Bhai Dooj: The Hindu Festival celebrates Bond between Brothers and Sisters

This festival renews and reunites the love of siblings and strengthens their relationship when all the family members celebrate it together

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Picture of a brother and a sister celebrating bhai dooj. Wikimedia Commons

November 1, 2016: India is one of the very few countries where the love of brother-sister is celebrated twice a year with such splendor. We celebrate this bond with Raksha Bandhan and Bhai Dooj. Diwali’s last day is celebrated as Bhaiya Dooj. It is known by different names all across the country such as Bhai Phota, Bhau-deej in Bengal, Bhau Beej in Karnataka, Maharashtra and Goa and Ningol Chakuba in Manipur. In Nepal, Bhaiya Dooj is known as Bhai tihar. Sisters put a long, seven colored tika on their brother’s forehead and pray to Yamaraj for their long life and success.

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Also known as ‘Yama Dwiteeya’, Bhaiya Dooj celebrates the love of Yamaraj, the Lord of Death and the guardian of Hell, and his sister Yami. When Yamaraj came to visit Yami, she put a tilak on his forehead and prayed for his health and well-being. It is believed that anyone who has a tilak on his forehead, on this day, from his sister would never be punished in hell.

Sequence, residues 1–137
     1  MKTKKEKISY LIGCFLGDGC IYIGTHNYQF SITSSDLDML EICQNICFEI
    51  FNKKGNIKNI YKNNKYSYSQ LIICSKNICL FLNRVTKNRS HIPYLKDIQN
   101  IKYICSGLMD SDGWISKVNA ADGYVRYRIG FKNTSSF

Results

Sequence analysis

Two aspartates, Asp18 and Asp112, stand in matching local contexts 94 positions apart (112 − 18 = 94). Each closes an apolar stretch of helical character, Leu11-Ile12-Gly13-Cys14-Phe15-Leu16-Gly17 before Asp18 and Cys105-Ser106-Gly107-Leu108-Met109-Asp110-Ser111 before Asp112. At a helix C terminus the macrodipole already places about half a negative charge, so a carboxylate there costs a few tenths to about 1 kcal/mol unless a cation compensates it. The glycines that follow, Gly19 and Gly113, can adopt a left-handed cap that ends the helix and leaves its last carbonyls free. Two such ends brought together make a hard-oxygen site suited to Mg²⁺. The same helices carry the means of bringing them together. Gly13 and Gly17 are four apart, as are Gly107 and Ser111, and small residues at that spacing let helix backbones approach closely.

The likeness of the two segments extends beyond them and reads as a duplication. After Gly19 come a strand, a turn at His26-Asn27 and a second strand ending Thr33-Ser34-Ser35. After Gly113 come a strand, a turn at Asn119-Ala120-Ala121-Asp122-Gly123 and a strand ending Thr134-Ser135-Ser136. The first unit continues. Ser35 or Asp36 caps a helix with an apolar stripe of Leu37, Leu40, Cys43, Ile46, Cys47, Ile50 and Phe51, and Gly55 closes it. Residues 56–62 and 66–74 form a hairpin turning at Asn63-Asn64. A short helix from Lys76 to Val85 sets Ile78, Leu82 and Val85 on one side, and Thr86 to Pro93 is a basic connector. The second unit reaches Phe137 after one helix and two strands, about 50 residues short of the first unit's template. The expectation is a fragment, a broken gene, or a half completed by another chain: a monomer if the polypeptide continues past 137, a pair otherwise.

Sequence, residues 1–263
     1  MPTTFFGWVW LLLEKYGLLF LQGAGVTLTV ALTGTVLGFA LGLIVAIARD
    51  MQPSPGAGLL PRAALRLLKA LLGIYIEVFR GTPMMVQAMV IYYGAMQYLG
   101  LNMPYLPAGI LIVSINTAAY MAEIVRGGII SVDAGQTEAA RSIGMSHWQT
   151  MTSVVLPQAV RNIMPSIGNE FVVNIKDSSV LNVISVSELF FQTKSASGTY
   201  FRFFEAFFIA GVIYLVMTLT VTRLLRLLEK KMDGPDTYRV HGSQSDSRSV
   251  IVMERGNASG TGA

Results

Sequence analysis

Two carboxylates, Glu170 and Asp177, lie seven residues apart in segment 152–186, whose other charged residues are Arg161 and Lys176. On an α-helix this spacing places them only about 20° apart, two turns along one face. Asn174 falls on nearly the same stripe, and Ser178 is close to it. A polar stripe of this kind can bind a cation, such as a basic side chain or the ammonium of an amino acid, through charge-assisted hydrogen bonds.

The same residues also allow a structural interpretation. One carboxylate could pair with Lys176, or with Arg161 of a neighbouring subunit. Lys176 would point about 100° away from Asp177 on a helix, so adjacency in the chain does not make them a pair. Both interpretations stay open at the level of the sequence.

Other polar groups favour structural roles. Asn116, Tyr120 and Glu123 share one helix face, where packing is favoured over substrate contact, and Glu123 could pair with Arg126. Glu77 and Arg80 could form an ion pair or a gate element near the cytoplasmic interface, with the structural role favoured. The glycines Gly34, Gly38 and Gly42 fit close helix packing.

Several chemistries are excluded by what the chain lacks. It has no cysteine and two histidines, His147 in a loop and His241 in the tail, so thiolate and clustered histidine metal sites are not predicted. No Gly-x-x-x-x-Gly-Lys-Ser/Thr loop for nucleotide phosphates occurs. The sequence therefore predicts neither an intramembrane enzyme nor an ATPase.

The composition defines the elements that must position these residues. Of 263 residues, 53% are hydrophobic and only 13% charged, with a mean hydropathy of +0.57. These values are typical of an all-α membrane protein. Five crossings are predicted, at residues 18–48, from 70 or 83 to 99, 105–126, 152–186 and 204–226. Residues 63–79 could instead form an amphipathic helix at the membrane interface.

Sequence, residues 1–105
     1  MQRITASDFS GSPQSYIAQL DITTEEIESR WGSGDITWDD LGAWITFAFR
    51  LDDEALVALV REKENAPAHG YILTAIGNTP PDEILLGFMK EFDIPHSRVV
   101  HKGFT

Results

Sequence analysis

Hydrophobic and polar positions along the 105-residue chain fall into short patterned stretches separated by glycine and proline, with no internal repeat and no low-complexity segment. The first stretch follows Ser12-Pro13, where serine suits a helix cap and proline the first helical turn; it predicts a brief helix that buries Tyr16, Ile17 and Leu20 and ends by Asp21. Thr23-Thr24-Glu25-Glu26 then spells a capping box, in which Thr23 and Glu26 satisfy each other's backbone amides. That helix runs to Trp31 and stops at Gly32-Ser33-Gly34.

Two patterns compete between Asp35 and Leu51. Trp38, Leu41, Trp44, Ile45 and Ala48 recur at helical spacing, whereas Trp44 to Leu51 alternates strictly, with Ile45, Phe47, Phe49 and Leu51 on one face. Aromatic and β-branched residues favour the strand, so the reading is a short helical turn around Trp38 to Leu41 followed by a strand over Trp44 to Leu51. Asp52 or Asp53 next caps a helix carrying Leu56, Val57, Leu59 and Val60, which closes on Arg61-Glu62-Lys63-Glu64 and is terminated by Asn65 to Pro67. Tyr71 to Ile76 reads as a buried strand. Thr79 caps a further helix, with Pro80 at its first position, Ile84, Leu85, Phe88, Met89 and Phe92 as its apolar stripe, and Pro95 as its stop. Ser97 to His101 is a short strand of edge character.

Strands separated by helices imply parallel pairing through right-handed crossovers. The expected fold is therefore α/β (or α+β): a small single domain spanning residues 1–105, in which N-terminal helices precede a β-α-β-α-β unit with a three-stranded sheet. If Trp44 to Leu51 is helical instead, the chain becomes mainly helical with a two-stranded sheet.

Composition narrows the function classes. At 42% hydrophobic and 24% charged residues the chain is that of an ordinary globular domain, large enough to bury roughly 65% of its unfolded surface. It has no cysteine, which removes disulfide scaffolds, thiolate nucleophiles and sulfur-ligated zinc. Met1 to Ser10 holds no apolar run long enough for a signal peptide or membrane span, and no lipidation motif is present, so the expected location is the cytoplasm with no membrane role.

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This festival renews and reunites the love of siblings and strengthens their relationship when all the family members celebrate it together. Brothers and sisters remember their responsibilities during the festival. The whole family treats themselves all day by giving presents to each other. Sisters perform the ritual by putting a vermilion mark, tilak, on their brother’s forehead and perform aarti by showing him the holy flame’s light that marks the beauty of the relationship of brothers and sisters. Sisters pray for the health and well-being of their brother and brothers promise to protect their sister from any harm that comes her way.

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Nowadays, due to the busy schedule, many brothers are unable to celebrate this festival with their sisters. So the sisters send the tika, in an envelope by post. Bhaiya-Dooj e-cards and virtual tikas have helped the brothers and sisters, who live far away from each other, remember their siblings on this auspicious occasion

The core of this festival is to strengthen the love and connection between brothers and sisters by sharing of food, exchanging gifts, and reaching out to the deepest corners of the heart.

Prepared by Diksha Arya of NewsGram. Twitter: @diksha_arya53

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